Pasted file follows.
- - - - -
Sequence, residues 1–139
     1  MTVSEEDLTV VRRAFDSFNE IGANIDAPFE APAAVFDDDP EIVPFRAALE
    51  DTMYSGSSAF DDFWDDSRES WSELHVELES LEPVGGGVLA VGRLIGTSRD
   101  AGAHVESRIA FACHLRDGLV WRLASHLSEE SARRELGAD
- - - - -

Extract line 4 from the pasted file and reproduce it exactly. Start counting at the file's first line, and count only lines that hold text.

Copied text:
   101  AGAHVESRIA FACHLRDGLV WRLASHLSEE SARRELGAD